Reference No: 126/2015
Request Date: 24/11/2015
Under the terms of the Freedom of Information Act 2000, please provide me with full answers to each of the following questions:
Freedom of Information Act 2000
The Freedom of Information Act 2000 creates a statutory right of access to information held by public authorities. A public authority in receipt of a request must, if permitted, state under Section 1(a) of the Act, whether it holds the requested information and, if held, then communicate that information to the applicant under Section 1(b) of the Act.
The right of access to information is not without exception and is subject to a number of exemptions which are designed to enable public authorities to withhold information that is unsuitable for release.
Importantly the Act is designed to place information into the public domain, that is, once access to information is granted to one person under the Act, it is then considered public information and must be communicated to any individual should a request be received.
This letter serves as a Refusal Notice under Section 17 of the Freedom of Information Act 2000.
Section 17 of the Act provides:
In relation to your request for details regarding the capability to respond to Marauding Terrorist Firearms Attacks, Staffordshire Fire & Rescue Service can Neither Confirm Nor Deny (NCND) whether the information requested is held as the duty in Section 1(1)(a) of the Freedom of Information Act 2000 does not apply by virtue of the following exemptions:
Additional Statement from the Chief Fire Officers Association
Although, as described above, the decision has been taken to Neither Confirm Nor Deny that the specific information is held by Staffordshire Fire & Rescue Service, the Chief Fire Officers Association (CFOA) Lead Officer for this type of incident is able to confirm the following:
“A number of UK Fire & Rescue Services (FRS) have been asked to provide and train resources to enable the FRS to support the multi-agency response should such an attack occur on our shores. We have worked closely with other responder agencies to develop a way of working, and continue to evolve our capability and increase its effectiveness. The FRS has received central government funding to support the provision of appropriate equipment and suitable training and exercising.”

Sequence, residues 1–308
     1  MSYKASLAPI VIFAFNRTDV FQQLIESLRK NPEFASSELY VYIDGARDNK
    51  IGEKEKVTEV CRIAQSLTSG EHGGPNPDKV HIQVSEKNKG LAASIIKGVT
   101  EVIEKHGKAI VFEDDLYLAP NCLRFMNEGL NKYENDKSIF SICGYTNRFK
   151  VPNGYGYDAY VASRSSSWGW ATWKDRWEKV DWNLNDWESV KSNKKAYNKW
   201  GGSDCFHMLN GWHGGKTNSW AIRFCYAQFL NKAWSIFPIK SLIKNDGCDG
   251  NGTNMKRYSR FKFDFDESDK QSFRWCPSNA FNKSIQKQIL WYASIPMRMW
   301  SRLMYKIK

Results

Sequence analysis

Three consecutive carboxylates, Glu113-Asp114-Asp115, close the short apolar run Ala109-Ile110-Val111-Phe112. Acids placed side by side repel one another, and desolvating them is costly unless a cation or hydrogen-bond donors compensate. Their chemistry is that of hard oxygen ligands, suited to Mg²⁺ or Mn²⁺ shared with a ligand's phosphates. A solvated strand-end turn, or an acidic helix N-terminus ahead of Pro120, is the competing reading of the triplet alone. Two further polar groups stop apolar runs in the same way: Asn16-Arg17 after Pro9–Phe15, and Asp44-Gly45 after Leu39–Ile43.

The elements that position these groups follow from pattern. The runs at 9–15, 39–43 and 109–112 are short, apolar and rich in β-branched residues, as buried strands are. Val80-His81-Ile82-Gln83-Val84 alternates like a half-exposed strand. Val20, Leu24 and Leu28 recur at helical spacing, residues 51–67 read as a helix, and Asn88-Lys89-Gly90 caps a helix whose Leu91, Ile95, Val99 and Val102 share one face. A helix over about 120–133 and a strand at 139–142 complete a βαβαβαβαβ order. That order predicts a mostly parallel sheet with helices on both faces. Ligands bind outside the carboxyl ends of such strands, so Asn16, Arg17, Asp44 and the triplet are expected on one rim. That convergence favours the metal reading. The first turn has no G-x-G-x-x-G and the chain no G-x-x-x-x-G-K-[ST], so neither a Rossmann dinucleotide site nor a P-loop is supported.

The Neither Confirm Nor Deny Exemptions
Returning to the requirements of FOIA, S24, S31 and S38 are both qualified and prejudice based so I am required to articulate the harm and public interest in relation to confirmation or denial.
Harm in confirming or denying that further information is held
Disclosures under the Freedom of Information Act are disclosures to the world not just the individual making the request. In some situations, simply confirming or denying whether the Authority holds a particular category of information could itself disclose sensitive and damaging information. The principle of NCND is long established and is needed to protect harm which may arise if the Authority has to confirm or deny whether they hold particular information. In such circumstances the confirming or denying of the existence of information can itself communicate sensitive and potentially damaging information. On this occasion, confirmation of whether any further information is held or not, would have the effect of undermining this particular activity and could impact on National Security, as it could lead to individuals becoming aware of capabilities in this respect both locally and nationally, and could ultimately compromise response tactics, operations and future decision making. This should not be taken as an indication that such information is or is not held.
To aid understanding of the Duty to Confirm or Deny I believe that it may be helpful to explain some of the issues arising from the duty under the Freedom of Information Act to confirm or deny.
The Information Commissioner’s Office (ICO) guidance titled ‘When to refuse to confirm or deny information is held’ states:
‘In certain circumstances, even confirming or denying that requested information is held can reveal information that falls under an exemption. A public authority may be able to use an exemption to refuse to confirm whether or not it holds information, if either confirming or denying would reveal exempt information in itself. A neither confirm nor deny response is more likely to be needed for very specific requests than for more general or wide ranging requests. It can be important to use a neither confirm nor deny response consistently, every time a certain type of information is requested, regardless of whether the information is actually held or not. For this reason public authorities need to be alert to the possibility of receiving future requests for the same type of information when handling very specific or detailed requests.’
As has been explained the consistent application of neither confirm nor deny to requests under FOI is sometimes needed to protect the response capabilities of the Fire and Rescue Service and its partner agencies. An inconsistent response to identical or similar queries over a period of time may indicate that information is held or allows such inferences to be made which in this scenario would be harmful.
Evidence of Harm - Sections 24, 31 and 38
To confirm or deny each individual Fire and Rescue Service’s capability to respond to Marauding Terrorist Firearms Attacks would enable those engaged in criminal activity or any form of terrorism or domestic extremism to formulate a national picture and identify any vulnerability that could be exploited and would prejudice national security.